Monday, December 10, 2012

The Final Countdown

I may have remarked at the start of this year that my Challenge would be species that I saw on normal trips out, or holidays  and would not include any twitching more than 4 miles. It has been hard as I could see the the year end approach and the 1,000 species becoming more unattainable. Both charities I support are committed to action for reducing carbon footprint so I could not in all conscience dash around the country using up fossil fuel. There have been very few additions to my list in November and December but I have been out a number of times.
At the end of October, on a crisp frosty day, I visited Leighton Moss RSPB reserve with Chorley Natural History Society. I think I saw more friends I had not seen for a while than wildlife. I had taken a new aquaintance from A Rocha UK to see the 'Moss and after I had said hello to colleagues from there, RSPB Southport, A Rocha, Lancashire Environment Fund, Brockholes, Cuerden Valley Park, Dee Estuary Volunteers and other Lancashire Wildlife Trust volunteers, her reaction was " You really do seem to know everybody in Lancashire!"
On our trip round we did get good views of marsh tit from the feeding station near the visitors centre, a quick view of bearded tit down the causeway and the usual very friendly robin near the public hide.

As November passed I was able to see waxwings in Preston and some wonderful views of willow tits feeding in the garden of a friend's cottage in Glaisdale ( North Yorkshire)
We also saw a wonderful blast from the past as the Sir Nigel Gresley steamed past us on the start of one of our walks

I attended a training day with Lancashire Badger Group and as we were searching for signs of badger we found a moth demonstrating its use of camouflage. It is a Scarce Umber, and brought my total to 924

This will be my final posting for 2012. Thanks to all those who have donated to both my charities. You will find details of  A Rocha here > 
and Lancashire Wildlife Trust here

Sunday, October 28, 2012

October - 900+ and getting close

I will continue to keep you informed of my efforts to reach the one thousand total though my optimism is waning. I am up to 892 though. On Saturday 6th October we held our monthly Wildlife Explorer/Watch meeting on Cuerden Valley Park, where we concentrated on making bird feeders. I was hoping to make pine cone feeders but there have been so few cones, we changed our plans. There also seems to be a shortage of acorns and horse chestnuts. It may be only here in the North West of England, but I would like to know what others have noticed. We had been making the feeders for about a half hour when we heard the plaintive cry of a buzzard. Gazing skywards we saw two of these wonderful raptors soaring high above the park.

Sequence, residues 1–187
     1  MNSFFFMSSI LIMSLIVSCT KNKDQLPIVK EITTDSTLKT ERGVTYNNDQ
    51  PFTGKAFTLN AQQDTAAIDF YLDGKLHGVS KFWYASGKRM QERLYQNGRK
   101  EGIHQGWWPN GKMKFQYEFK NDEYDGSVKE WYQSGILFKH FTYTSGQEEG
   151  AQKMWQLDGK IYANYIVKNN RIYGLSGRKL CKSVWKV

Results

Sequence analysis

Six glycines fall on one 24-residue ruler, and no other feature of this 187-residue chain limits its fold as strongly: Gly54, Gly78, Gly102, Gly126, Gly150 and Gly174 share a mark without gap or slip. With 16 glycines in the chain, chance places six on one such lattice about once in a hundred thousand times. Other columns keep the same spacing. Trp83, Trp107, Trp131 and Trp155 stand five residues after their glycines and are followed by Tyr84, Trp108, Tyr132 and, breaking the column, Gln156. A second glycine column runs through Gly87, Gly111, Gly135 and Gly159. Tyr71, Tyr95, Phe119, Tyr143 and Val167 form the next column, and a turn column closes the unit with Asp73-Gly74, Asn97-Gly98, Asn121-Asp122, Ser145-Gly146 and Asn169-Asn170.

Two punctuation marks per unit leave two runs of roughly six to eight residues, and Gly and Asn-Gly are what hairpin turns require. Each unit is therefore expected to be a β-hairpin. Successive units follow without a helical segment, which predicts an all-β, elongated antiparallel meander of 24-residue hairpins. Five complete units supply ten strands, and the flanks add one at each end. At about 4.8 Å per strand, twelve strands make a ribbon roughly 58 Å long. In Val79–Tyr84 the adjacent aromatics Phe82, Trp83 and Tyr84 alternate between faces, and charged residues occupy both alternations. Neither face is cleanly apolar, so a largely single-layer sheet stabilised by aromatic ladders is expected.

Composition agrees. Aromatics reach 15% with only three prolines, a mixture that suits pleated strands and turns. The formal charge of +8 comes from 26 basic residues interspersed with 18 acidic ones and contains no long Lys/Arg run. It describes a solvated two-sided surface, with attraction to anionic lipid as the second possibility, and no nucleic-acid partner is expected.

Tuesday 9th October I paid a visit to Brockholes on a lovely sunny day. Several common darters were skimming over most of the water bodies both in tandem and ovipositing, and a pair of buzzards were high over Boilton Wood. Near to the Wood I observed some shaggy inkcaps and candle snuff fungus.

Thursday 10th, I had to visit Chorley to buy a new watch strap and as I was passing St Georges Church the peregrine was easily visible even without binoculars. The picture was taken by Ivan Lynas. I then visited Lancashire Wildlife Trust's Mere Sands Wood and saw lots of species of fungus with more fascinating names. There is Leafy brain, witches butter, fragrant lepiota, plums and custard, and dead man's fingers. These were a boost to my list

  I have also been searching for knopper galls which I usually find when I see acorns. This year I don't think I have seen more than three acorns and only one horse chestnut. Probably too little sun has meant not enough pollenators. This gall is from last year, though I have seen just one this year

The last week in October I helped with river studies on Cuerden with Penwortham Girls High school where we found Minnow, Bullhead, mayfly nymph and even a lesser waterboatman. What was noticable was on Friday with the temperature down by 8 degrees C, much fewer samples were caught. We did see 6 roe deer and 3 buzzards though

Sunday, October 7, 2012

Fungi galore and flowers add more

A few members of Chorley Natural History Society met at Rivington for a Fungal foray. A beech tree that was felled a few years ago usually has interesting fungi and didn't let us down this year with 8 species identified growing on it - lots of Sulphur Tuft, Glistening & Fairy Inkcaps, Sheathed Woodtuft, Turkeytail, Smoky Bracket, Artist's Bracket and Purple Jellydisc. A dead Willow tree had Blushing Bracket, whilst a fallen branch had the white jelly now known as Crystal Brain (Exidea nucleata) with obvious white granules/crystals visible inside. Nearby under trees were groups of Russet Toughshank and several Common Earthballs and one Ochre Brittlegill was found. Another dead tree had 2 Stereums, Hairy Curtain Crust & Bleeding Broadleaf Crust. Unfortunately, no fungi at all were found in the Pinetum!